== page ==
Knitting is a simple technique of looping a strand of yarn around two needles. But that doesn’t mean that there is only one way to do it. While many knitters knit in the English style, holding the yarn in their right hand, Continental knitting is a popular alternative that’s widely praised for being the more efficient method.
Also known as German knitting, the method fell out of favor during World War II along with German Shephards and anything else associated with the enemy. But it is now re-emerging as the preferred method for knitters both professional and amateur. Holding yarn in the left hand and picking the yarn forward with the needle results in fewer hand motions per stitch, and allows for faster knitting.
This Saturday, Deb Marvin will be teaching Learn Continental Knitting at Hill Country Weavers from 1 p.m. to 4 p.m. The class is perfect both for seasoned knitters looking to try something new and those who have never held a needle. In fact, many crocheters find Continental knitting easier to learn because of the similar style of holding the yarn.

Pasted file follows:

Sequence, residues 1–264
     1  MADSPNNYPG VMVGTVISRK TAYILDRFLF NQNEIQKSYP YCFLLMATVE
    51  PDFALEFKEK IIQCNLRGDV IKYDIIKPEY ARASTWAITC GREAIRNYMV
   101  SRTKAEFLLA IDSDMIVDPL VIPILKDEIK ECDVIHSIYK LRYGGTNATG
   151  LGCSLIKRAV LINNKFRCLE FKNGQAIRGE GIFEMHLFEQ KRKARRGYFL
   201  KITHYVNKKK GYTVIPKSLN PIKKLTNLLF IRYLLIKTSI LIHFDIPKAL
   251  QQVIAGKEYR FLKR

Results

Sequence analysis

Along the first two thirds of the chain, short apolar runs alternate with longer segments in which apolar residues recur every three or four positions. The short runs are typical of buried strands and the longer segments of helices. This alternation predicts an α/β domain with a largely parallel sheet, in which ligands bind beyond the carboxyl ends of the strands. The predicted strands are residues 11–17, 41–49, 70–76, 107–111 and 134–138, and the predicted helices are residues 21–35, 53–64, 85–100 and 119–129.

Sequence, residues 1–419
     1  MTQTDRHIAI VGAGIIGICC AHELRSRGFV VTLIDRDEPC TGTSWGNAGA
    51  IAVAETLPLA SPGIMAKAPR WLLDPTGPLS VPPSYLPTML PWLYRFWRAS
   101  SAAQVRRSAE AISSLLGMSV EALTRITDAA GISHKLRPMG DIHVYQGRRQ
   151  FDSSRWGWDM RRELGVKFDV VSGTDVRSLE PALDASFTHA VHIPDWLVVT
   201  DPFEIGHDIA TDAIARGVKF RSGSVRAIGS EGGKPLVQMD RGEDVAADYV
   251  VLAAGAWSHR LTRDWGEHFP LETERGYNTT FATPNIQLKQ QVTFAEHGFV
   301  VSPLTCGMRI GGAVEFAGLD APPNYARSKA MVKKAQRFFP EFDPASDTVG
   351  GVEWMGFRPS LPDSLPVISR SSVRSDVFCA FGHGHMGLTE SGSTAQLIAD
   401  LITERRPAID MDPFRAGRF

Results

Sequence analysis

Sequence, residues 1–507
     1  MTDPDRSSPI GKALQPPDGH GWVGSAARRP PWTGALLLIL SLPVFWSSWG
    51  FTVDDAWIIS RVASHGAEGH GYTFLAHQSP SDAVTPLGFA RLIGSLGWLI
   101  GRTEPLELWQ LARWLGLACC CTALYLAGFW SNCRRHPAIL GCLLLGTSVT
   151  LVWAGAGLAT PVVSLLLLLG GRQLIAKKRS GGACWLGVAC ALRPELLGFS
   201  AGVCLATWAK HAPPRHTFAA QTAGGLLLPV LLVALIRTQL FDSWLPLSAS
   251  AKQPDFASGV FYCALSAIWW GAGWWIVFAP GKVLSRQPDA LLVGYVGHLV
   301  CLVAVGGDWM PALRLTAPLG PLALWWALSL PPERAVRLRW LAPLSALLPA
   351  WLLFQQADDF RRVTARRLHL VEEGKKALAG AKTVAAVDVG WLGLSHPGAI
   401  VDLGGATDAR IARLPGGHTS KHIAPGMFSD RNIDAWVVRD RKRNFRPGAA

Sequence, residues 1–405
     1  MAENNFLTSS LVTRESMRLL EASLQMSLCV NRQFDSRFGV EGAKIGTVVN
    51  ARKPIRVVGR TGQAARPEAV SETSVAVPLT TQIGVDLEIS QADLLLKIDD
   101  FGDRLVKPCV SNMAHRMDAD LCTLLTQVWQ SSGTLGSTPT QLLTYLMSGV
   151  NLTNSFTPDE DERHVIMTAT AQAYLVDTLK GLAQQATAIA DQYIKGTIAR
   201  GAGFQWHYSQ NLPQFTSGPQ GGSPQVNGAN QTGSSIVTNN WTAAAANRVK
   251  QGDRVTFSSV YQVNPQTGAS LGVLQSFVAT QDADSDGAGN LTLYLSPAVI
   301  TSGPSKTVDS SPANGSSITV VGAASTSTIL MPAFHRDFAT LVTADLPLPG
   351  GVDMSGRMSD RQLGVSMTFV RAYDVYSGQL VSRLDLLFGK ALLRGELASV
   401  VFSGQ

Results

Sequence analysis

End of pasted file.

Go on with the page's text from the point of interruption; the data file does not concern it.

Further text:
Marvin will cover knits, purls, and yarnovers using a variety of patterns ranging in difficulty. Students can choose to make either a market bag or a few washcloths. For the washcloth, they’ll need to bring 90-125 yards of cotton or cotton blend yarn for each cloth, with a gauge of 4.5-5.5 stitches per inch, along with the needles specified. The market bag will require 200 yards of DK or worsted weight cotton, along with two skeins of Cotton Classic in contrasting colors. Four split ring stitch markers and size US 9 circular needles either 16 or 24 inches long are also needed to complete the bag.
Call the store at (512) 707-7396 to reserve your space for this $40 class today.